BELFAST, Northern Ireland, June 19, 2018 (LifeSiteNews) — A priest says the leader of the Irish Republic disrespected a Belfast Catholic college by making pro-abortion remarks there last week.
Father Patrick McCaffery, the pastor of Corpus Christi Catholic Church, told the Belfast Telegraph that the “optics” of the virulently pro-abortion Leo Varadkar appearing at St Mary’s University College was “atrocious.”
“An avowed abortionist Taoiseach speaking in a Catholic institution which has a mission to train Catholic teachers to hand on the faith to young people, the optics of that is atrocious,” McCaffery said.
Varadkar was not invited by the college itself but by a group called Feile an Phobail, the organizers of the annual August West Belfast music and entertainment festival. Feile had hired the college for the occasion.
“They need to answer some questions about why they chose St Mary's, knowing that it had a Catholic ethos,” said McCaffery.
He acknowledged that the college does rent its buildings to outside groups but said that the festival organizers had shown disrespect to their hosts by inviting the pro-abortion politician.
“For him to stand on the stage of a Catholic institution at the podium of the university college to speak about so called abortion rights in the north of Ireland, it shouldn't have happened and it's unacceptable,” the priest said.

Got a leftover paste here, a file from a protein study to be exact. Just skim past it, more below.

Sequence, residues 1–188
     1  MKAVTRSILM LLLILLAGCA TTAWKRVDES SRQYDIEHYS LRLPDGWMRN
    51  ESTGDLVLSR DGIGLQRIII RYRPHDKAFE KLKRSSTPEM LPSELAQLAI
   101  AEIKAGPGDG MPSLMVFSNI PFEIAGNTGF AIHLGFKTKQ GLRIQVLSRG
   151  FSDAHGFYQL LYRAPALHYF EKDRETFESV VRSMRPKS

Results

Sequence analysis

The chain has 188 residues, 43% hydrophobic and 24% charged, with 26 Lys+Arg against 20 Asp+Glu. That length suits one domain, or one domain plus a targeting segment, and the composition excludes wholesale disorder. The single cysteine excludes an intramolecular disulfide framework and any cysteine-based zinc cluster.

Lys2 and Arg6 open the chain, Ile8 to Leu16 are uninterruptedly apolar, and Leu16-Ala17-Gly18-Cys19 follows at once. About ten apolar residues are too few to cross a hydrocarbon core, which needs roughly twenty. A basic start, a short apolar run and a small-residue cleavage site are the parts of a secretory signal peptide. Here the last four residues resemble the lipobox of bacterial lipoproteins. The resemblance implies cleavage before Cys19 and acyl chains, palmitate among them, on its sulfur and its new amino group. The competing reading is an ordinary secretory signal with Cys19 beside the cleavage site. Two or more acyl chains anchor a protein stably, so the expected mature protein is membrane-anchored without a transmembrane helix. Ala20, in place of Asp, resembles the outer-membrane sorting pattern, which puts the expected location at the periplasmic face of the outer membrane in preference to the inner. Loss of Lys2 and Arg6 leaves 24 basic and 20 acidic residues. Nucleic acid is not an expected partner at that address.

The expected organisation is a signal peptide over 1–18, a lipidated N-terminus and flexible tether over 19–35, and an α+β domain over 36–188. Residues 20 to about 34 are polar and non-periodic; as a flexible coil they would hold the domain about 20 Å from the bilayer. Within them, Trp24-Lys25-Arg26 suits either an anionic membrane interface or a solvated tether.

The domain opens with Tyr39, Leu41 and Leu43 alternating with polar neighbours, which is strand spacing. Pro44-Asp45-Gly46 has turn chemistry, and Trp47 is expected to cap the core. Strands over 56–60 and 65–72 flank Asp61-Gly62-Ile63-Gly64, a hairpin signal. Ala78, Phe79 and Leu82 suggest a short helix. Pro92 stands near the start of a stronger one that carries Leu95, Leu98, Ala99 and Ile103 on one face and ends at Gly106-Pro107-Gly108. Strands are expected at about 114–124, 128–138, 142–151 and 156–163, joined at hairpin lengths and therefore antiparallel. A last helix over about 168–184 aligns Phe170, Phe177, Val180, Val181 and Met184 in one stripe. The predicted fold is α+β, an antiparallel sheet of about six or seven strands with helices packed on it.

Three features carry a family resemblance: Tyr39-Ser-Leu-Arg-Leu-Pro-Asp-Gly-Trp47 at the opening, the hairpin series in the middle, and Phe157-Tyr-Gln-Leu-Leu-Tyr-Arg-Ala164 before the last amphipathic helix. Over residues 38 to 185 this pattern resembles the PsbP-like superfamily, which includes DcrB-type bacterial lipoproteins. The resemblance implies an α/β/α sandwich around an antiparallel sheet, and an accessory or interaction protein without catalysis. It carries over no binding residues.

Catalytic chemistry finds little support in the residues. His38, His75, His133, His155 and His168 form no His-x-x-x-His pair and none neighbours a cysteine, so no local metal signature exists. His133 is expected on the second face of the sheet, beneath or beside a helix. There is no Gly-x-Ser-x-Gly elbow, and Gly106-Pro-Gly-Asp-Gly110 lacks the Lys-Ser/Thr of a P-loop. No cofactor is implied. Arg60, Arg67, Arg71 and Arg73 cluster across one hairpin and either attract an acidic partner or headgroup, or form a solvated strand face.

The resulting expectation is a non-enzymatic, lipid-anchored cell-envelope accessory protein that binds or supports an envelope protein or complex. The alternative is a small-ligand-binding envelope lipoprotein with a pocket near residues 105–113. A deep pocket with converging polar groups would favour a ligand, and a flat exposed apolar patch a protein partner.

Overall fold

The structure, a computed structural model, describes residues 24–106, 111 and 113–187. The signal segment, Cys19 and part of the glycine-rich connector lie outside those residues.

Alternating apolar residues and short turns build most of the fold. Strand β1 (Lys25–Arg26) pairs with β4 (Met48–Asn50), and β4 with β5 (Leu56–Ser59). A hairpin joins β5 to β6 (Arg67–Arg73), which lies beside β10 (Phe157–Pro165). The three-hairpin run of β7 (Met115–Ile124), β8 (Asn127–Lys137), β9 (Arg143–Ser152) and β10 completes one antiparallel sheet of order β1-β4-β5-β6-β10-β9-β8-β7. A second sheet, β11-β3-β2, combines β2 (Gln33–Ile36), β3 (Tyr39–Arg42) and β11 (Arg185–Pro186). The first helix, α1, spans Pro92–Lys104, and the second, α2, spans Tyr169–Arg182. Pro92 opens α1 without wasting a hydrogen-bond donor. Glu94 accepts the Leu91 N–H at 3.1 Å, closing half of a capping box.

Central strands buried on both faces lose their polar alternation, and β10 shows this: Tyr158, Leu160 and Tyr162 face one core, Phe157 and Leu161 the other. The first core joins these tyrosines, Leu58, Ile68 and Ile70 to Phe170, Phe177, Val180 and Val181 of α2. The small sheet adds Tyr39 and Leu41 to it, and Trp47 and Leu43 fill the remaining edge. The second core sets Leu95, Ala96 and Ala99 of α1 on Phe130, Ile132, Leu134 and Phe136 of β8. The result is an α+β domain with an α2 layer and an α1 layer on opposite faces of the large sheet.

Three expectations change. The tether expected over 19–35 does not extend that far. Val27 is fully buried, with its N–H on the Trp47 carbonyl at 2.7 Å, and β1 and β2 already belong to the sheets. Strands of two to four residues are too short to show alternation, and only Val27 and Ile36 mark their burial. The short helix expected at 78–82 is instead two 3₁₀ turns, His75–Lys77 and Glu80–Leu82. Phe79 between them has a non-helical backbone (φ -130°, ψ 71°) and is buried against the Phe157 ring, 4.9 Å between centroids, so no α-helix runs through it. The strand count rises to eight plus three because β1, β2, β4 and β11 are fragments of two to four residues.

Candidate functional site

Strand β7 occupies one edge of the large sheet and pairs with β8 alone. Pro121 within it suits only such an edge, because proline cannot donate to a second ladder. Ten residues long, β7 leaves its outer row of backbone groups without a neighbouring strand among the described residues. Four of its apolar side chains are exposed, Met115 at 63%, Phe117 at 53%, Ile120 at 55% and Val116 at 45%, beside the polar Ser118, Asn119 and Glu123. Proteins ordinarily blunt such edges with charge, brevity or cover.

McCaffery opined that using the college for an official visit from the foreign leader was “crass and showed no respect whatsoever for the Catholic community and that institution.”
A group of pro-life witnesses shouted “repent” at Varadkar when his car arrived at St. Mary’s. Referring to same-sex “marriage” and abortion among other issues, the Irish Taoiseach said any “right” enjoyed by a citizen of the Irish Republic or in Britain should be shared by people in Northern Ireland.
Northern Ireland, which has a significantly more church-going and pro-life society than the rest of the United Kingdom, is currently under attack for its relatively strict abortion laws. Under current legislation, Ulster allows abortion only when the mother’s life or health is endangered by remaining pregnant. As a result, abortion in Northern Ireland is rare. In 2016/17, only 13 abortions were carried out in the country.
Earlier this year, the UN Committee on the Elimination of Discrimination against Women (CEDAW) said the country was violating women’s rights by restricting their access to abortion. The British abortion lobby, which hopes to completely decriminalize the destruction of unborn human life, wishes to impose abortion on demand on Northern Ireland.